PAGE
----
PUC stands for ‘Pollution Under Control’ Certificate. This certificate states if your vehicle is safe to drive on the roads and would not contribute to the rising air pollution. In order to get PUC certified, a PUC test is conducted. for your vehicle. In other words, it means that your vehicle emissions are under control and as per the pollution standards. Therefore, if your vehicle successfully undergoes PUC test, it is eligible for the PUC certification, otherwise not. Exhaust emissions need to be kept in check so that the vehicle does not contribute to the outdoor pollution.

  • It denotes that your vehicle complies with the exhaust emission standards.
  • In order to get a PUC certificate, a PUC test is conducted.
  • If your vehicle successfully passes the test, you will be PUC certified, otherwise not.
  • Hence, all automobiles operating on Indian roadways must have a valid PUC certificate.

Health Impacts 

Only in recent years has a more complete picture of the health effects of exhaust emissions emerged, as the ability to assess and monitor human exposures within populations has developed. As a result, stricter laws are enacted to decrease public health risks connected with motor vehicle pollution.

Vehicular pollution and their health impacts:

exhaust emission health effects
  1. Carbon Dioxide: Exposure to CO2 can cause sleepiness, disorientation, loss of coordination, headaches, nausea, and many more health effects that can cause various health issues if exposed for longer durations.
  2. Carbon Monoxide: Loss of alertness, lethargy, etc. can be experienced. Long term durations can cause carbon monoxide poisoning, also known as CO poisoning hypoxia. This can cause cellular and tissue damages and have the capability to take you to the ERs.
  3. Particulate matter: Fine breathable particles that have the ability to travel deep down to your lungs through respiration. Further, they can penetrate into the bloodstream, which can cause various cardiorespiratory disorders and aggravate respiratory disorders such as asthma.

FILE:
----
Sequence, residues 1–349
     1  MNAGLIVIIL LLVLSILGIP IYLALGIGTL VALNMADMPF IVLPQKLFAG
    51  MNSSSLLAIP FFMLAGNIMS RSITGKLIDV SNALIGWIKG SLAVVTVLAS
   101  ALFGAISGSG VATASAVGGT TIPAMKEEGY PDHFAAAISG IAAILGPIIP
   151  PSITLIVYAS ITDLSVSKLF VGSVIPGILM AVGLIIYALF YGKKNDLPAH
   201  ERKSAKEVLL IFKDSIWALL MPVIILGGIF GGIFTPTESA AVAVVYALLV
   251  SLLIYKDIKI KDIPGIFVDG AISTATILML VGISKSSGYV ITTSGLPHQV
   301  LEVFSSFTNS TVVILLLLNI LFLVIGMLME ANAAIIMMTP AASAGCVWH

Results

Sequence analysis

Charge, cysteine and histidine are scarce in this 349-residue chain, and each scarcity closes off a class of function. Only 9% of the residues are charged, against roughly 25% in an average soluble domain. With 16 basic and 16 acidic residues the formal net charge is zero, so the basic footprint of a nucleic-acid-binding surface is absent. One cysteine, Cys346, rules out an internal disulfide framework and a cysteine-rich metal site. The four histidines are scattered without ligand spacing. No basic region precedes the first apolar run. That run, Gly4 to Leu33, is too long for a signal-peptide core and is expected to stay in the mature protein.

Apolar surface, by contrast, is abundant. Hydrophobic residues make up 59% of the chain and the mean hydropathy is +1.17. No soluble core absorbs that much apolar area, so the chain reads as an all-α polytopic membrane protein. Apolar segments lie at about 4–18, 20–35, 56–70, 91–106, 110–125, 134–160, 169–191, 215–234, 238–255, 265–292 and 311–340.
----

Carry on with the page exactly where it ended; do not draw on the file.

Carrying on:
4. Lead: When you inhale lead, that is a by-product of the vehicular emissions. It can cause lowered IQ, brain and kidney damage. Furthermore, exposure for longer durations are proven to be carcinogenic.
  5. Sulphur Dioxide: SO2 exposure can cause lung damage, itching in the eyes. It irritates the skin and generate excess mucus and inflammation in the respiratory tract.
  6. Nitrogen Dioxide: NO2 and other oxides of nitrogen emitted by vehicles can react with other pollutants and can form PM and O3. Furthermore, exposures to NOx and NO2 can worsen throat and lung infections and can aggravate asthma.

Vehicle emission standards- India

According to a study on the ‘Health and Economic Impact of Air Pollution in India,’ air pollution is responsible for 18% of all fatalities and a loss of 1.4% of GDP in 2020. During peak pollution months, transportation contributes between 13 to 18% in pollution hotspots such as Delhi. 

  • CAFE- The Corporate Average Fuel Efficiency/ Economy (CAFÉ) rules. They were introduced globally in 2017 with the goal of lowering average corporate emissions. Therefore, these apply to automakers and incentivize them to improve fuel economy or reduce fuel consumption.
Corporate Avg. CO2 EmissionsPhase
<130 gm/kmPhase l (Till 2022)
<113 gm/kmPhase ll (Post 2022)
  • BS- The initial Bharat Stage (BS) rules went into force in 2000, and there have been numerous modifications since then. The Central Pollution Control Board of India establishes these guidelines, and all vehicle manufacturers must sell vehicles that meet these requirements. Therefore, these rules, with each subsequent version, attempt to tighten regulations by lowering the allowable level of exhaust pollutants.
NOx (Diesel)250 mg80 mg82%
NOx (Petrol)80 mg60 mg25%
Hydrocarbon + NOx300 mg/km170 mg/km43%
PM (Diesel)25 mg/km4.5 mg/km68%
* Source CEEW
  1. https://timesofindia.indiatimes.com/city/delhi/aqi-like-rankings-for-vehicular-emission-may-help-clear-the-air/articleshow/96507064.cms
  2. https://www.mppeb.org/puc-certificate-check-now-here/
  3. https://www.ceew.in